This question draws a firm 'yes' from the Bennetts whose confidence in the classroom teacher is now shaken. Jacob’s mother asks, "Why are we hearing about Jacob's reading difficulties only now at the end of the year?'
The classroom teacher feels a little cornered and defensive with her next statement, ' All students learn at different rates,' she tells the Bennetts with some conviction, 'but one day, soon, it will come together for Jacob.' Jacob’s father then asks the key question. ‘How can you know that?’
Thre is no guarantee that Jacob's reading skills will just come together. Jacob has poor alphabetic code knowledge and poor phonemic awareness. These are essential knowledge and skills that children need to be explicitly and systematically taught by a teacher grounded and well versed in the science of reading.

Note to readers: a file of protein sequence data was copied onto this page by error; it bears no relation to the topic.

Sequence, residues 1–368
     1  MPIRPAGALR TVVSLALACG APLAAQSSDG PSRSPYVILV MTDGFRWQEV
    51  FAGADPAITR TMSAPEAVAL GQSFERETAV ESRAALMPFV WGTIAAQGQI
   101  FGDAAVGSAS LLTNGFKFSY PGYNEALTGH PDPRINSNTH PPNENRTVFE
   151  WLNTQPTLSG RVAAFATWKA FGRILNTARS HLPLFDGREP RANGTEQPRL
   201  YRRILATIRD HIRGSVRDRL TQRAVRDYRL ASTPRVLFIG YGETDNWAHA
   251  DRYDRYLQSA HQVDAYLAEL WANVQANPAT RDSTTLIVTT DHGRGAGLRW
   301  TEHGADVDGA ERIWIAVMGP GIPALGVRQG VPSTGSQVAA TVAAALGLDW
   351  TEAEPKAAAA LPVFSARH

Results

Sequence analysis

Jacob has received no systematic instruction on alphabetic code knowledge, supported with the use of decodable books and has not been taught the essential skills of segmenting, blending and phoneme manipulation in a systematic way.
Jacob needed to be explicitly taught these key skills in the first few months of school, but the school may not have known about the importance of phonemic awareness skills or may have seen the need for the systematic teaching of the sound – letter link.
Jacob relies solely on his excellent visual memory skills. He can recognise chunks of words and text but without the familiar context of a predictable reader he is unable to read or remember words in word lists as might be seen on a reading or spelling test.
Despite Jacob's excellent oral language skills and his parents' immersion of Jacob in rich literacy experiences from a young age, he is at risk of reading failure. Jacob and his parents' experience is not unique. This scenario, though fictional, will play out in a not dissimilar way in classrooms across the Western world for many children and their families.